Tau Station follows the "freemium" model of game design:

  • Credits are the standard currency for Tau Station, used for most common transactions.
  • Bonds are the premium currency, which may be purchased in the shop for Real World™ money.

The salaries for high-level careers include a few Bonds, and Bond packages can occasionally be found as rewards in the Ruins:

One Bond can be converted to five credits at any Bank — but don't do that, the 5:1 exchange rate is terrible. Much better to buy a 3-Day VIP from a market vendor (290 bonds) then sell it on the public market for 24,000 or more credits for an 82:1 exchange rate. Ask in the chat to confirm a buyer first, but there are several who have a standing offer for that trade.


In the time following the Catastrophe, almost all infrastructure had collapsed. Many networked systems had crashed and much that existed within the digital realm was erased as if a virtual wildfire had spread through the galaxy’s servers in one digitally-devastating wave. It resulted in a catastrophic loss of both life and data on an unfathomable scale. Isolated systems were, for the most part, the only element to survive and, due to the nature of its digital existence, the credit was one such system. Capitalism, always humanity’s most tenacious trait, had managed to survive the apocalypse.

Many cycles down the line, when both scavengers and salvage teams began sifting through the detritus of civilization, one discovery that stood out was that of isolated virtual units of digitally-signed numbers that could be scanned and transferred via the CORETECHS. Virtually unhackable, these digital components appeared to utilize a variation of the same technology that encrypts amygchips, known as an “Obi homomorphic lattice”.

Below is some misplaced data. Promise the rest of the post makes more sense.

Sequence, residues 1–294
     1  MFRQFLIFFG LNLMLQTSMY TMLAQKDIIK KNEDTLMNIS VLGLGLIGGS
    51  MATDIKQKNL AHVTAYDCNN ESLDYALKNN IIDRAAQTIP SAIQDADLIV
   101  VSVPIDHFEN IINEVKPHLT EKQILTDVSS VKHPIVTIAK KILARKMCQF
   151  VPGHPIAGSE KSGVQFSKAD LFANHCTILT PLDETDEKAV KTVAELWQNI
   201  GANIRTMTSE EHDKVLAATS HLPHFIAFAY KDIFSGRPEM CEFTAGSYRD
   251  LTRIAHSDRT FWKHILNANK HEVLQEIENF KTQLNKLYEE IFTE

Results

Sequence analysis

These units, known as ‘credits’ were essentially a finite system that could be collected, transferred, and utilized as legal tender but never hacked or duplicated. Indeed, this was surmised as their likely use Before as well. The quantum mathematical nature of encryption that houses credits in software merges with the CORETECHS, also encrypted with the lattice. This resulted in an interesting security feature. Once downloaded, credits can only be relinquished by host request or if the entire housing system is rendered dormant. The latter is a polite way of saying there remains a major security hole: the CORETECHS of unconscious or dead victims have been known to leak credits.

What remained of humanity took to credits like the natural-born capitalists we are. What followed were a tenspan or so of cycles known as the ‘Credit Crunch’ with credit prospectors scouring stations and derelict ships for every credit they could download. Not long after after, an independent organization was formed as a means to transfer and keep credits safe, existing networks were salvaged and connected to the mesh with pioneers in mesh and network hacking being roped in to keep the system secure. The Pangala People’s Banking Network was thus born out of a growing need for trade and commerce.